Writing Groups Are Vital

For the aspiring authors among you – and those interested in hearing about the process of creating a novel – I wanted to talk about the importance of a supportive writing group. For me it’s been invaluable.

I started writing short stories in my twenties, showed them to nobody and never knew what to do with them. After that I felt compelled to start a novel, repeatedly coming up with plot ideas but lacking anyone to discuss them with. Once or twice I submitted opening chapters to publishers but had no positive response apart from one generous chap who told me I had a gift for storytelling.

That comment aside, I had no idea if I was doing anything right. Did my writing flow, and were my characters believable? Did my stories hang together in the right sort of way? I wrote a few poems but, again, didn’t know where to send them or if they were good enough for public consumption.

I attended a couple of creative writing courses which I enjoyed but the standard varied wildly – from people who wrote amazingly well to others whose work was barely comprehensible. It wasn’t until I moved to France that I joined a writing group, and everything changed.

Like many great discoveries, it happened through serendipity. When I was introduced to my neighbour’s (English) friend who was writing a book set in Corsica I was full of admiration, if a little envious too. Having that amount of focus and dedication seemed way beyond my wildest dreams. I shyly told her I used to write and had recently wondered about starting again.

A few weeks later I received an email saying that the writing group of which she was a member – yes, in our tiny French village! – had a space as somebody had left. Would I like to join? Nervously I accepted, wondering whether the people would be friendly and accepting of me as a newcomer, if my work was up to scratch – the obvious type of concerns when you join a writing group.

As it turned out I struck super lucky. The members of the group were welcoming and soon became close, supportive friends. Without exception they were talented, committed writers – who just happened to live in the middle of the French countryside – and several of us decided to embark on a novel at the same moment.

Landsliding was born out of my wish to write something pacy and gripping, the kind of book I was reading a lot of at that time. Some of those stories started well but faded towards the end, others didn’t live up to the exciting blurb on the back, while a few were patently unbelievable. I thought maybe, just maybe I could do better.

With two writing group colleagues, Catherine and Anita, we formed a mini group which met once a week to review each other’s work. Because I had that incentive, I found myself knuckling down and sometimes completing several thousand words in a day. It was a euphoric feeling to have like-minded fellow writers who were on their own journey and yet supporting me all the way on mine.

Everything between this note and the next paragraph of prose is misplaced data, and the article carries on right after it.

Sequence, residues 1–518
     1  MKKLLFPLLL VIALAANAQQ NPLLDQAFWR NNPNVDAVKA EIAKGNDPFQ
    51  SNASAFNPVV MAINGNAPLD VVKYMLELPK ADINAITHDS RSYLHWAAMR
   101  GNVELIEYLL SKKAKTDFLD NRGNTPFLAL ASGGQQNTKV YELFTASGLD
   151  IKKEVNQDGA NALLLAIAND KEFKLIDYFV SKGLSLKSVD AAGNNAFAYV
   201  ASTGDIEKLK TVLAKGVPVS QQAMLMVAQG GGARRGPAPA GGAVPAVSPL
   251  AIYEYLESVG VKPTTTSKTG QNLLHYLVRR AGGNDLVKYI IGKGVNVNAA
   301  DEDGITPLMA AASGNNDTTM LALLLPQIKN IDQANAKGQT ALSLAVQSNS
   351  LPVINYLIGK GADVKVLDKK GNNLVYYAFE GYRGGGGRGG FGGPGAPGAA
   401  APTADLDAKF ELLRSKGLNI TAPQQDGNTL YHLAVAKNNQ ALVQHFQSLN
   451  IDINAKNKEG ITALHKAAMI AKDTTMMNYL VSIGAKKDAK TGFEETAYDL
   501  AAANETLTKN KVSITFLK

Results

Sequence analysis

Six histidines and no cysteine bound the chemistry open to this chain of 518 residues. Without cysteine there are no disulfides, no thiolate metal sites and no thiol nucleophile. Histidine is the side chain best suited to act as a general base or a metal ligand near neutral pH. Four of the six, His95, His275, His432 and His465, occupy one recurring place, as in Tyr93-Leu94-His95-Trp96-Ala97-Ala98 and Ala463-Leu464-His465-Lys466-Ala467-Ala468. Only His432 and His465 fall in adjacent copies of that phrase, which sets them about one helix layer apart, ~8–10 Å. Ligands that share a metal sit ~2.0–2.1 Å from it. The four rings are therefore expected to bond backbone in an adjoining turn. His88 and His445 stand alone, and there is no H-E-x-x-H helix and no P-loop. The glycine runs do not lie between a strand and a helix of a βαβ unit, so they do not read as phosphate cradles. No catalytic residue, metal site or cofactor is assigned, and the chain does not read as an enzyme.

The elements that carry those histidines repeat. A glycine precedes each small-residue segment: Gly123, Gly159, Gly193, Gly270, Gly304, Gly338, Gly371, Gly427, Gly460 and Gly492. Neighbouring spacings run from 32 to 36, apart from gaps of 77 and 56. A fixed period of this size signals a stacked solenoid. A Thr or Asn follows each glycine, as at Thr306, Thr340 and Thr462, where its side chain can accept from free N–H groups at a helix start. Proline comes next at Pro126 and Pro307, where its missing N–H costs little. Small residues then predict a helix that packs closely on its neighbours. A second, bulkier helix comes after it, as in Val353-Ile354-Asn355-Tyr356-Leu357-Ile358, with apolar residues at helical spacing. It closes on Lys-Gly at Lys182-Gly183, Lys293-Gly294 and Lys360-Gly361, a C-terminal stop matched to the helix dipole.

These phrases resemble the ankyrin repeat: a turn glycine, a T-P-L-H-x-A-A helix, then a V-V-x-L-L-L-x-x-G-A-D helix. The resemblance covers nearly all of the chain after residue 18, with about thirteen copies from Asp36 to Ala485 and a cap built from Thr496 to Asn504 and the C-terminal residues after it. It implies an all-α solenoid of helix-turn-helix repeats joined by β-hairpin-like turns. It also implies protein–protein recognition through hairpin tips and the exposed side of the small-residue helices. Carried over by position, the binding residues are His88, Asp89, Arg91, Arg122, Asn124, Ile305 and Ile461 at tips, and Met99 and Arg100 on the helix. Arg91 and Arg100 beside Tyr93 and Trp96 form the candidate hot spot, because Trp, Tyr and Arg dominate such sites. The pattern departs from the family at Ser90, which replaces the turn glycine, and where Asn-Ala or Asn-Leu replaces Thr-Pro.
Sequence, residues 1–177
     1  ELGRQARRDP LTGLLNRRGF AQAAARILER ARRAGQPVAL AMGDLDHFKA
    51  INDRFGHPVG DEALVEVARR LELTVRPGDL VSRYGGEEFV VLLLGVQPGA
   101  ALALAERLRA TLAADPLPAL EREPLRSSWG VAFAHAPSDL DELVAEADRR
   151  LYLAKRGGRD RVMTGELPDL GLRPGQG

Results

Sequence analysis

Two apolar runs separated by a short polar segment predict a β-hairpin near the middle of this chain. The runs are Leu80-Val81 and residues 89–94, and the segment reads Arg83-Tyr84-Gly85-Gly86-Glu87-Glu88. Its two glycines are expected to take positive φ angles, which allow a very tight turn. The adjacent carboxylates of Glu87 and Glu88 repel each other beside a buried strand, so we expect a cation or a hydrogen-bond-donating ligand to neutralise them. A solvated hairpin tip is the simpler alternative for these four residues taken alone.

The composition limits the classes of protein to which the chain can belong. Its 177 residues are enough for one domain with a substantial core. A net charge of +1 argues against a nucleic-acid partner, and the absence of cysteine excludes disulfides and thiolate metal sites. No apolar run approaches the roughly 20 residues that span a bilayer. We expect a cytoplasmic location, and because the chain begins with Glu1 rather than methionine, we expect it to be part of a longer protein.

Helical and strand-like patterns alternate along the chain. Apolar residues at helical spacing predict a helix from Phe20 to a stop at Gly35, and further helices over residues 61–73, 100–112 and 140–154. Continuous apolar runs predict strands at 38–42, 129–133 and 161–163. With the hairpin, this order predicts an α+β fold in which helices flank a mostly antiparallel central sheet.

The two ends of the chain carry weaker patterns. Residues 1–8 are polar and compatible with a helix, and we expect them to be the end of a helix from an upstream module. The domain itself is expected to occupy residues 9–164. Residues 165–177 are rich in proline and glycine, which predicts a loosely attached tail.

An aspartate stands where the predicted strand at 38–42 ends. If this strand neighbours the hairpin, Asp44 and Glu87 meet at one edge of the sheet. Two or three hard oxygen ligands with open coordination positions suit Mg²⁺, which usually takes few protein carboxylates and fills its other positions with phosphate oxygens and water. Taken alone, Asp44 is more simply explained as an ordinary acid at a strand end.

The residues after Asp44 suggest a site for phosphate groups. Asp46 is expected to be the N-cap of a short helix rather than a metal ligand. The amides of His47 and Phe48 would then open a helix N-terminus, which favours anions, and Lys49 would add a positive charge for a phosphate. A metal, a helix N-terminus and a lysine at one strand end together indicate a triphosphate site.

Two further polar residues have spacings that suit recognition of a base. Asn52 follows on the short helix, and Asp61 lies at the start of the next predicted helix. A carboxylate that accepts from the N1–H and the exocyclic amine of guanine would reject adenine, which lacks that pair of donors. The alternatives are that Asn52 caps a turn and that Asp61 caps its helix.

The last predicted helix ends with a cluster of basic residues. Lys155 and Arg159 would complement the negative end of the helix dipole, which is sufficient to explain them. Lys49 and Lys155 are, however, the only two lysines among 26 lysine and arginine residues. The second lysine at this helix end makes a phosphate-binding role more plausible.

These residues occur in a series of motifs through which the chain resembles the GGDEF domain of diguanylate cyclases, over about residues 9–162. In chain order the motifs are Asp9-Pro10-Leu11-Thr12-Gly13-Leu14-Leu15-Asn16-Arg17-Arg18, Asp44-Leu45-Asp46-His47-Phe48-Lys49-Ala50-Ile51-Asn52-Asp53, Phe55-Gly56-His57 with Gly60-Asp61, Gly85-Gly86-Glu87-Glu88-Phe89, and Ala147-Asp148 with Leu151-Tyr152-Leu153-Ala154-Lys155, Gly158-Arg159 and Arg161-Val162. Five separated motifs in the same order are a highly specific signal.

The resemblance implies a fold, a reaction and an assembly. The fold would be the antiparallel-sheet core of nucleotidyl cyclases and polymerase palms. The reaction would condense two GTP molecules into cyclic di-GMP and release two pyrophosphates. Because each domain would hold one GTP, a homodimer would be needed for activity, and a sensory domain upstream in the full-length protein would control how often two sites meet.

I looked on as my friend had her Corsica book published. Every time I read a glowing review of it, I thought ‘That could be me next time’. She helped and advised me with the development of my own novel while I was able to use some of my marketing expertise to advise her on promoting her excellent book.

Once I’d finished Landsliding – that was always my title, right from the moment I started writing it – I submitted the first chapters to literary agents in the hope that they’d be sufficiently impressed to want to see the rest.

That’s when my real crisis of confidence began, when the much hoped for positive response didn’t materialise. Other authors I’d heard of had received an instant ‘yes‘ from the first agent they’d approached – and, as unlikely as I knew that would be, I couldn’t stop myself hoping for a similar outcome. It didn’t happen.

After approaching ten or so agents, I gave up. The rejections were too predictable: they liked my writing, the story was current and interesting, but the book wasn’t quite what they were looking for at that time. And, I couldn’t help thinking, I didn’t have the kudos of being a TV presenter or a dancer or another celebrity who got their books published so effortlessly.

That’s when the writing group came into its own again. Dispirited, I was tempted to give up on Landsliding and start something else – but my fellow members encouraged me to keep going. It was good enough, they assured me. People would love the book – it was just a case of getting it into the public domain.

One of my colleagues in the group had been looking into self-publication via Kindle and assured me that it was no longer considered ‘vanity publishing’; rather, it was the new way of getting work out there. So with her support I decided to go down the self-publication route – and that was the next phase of the Landsliding journey. 

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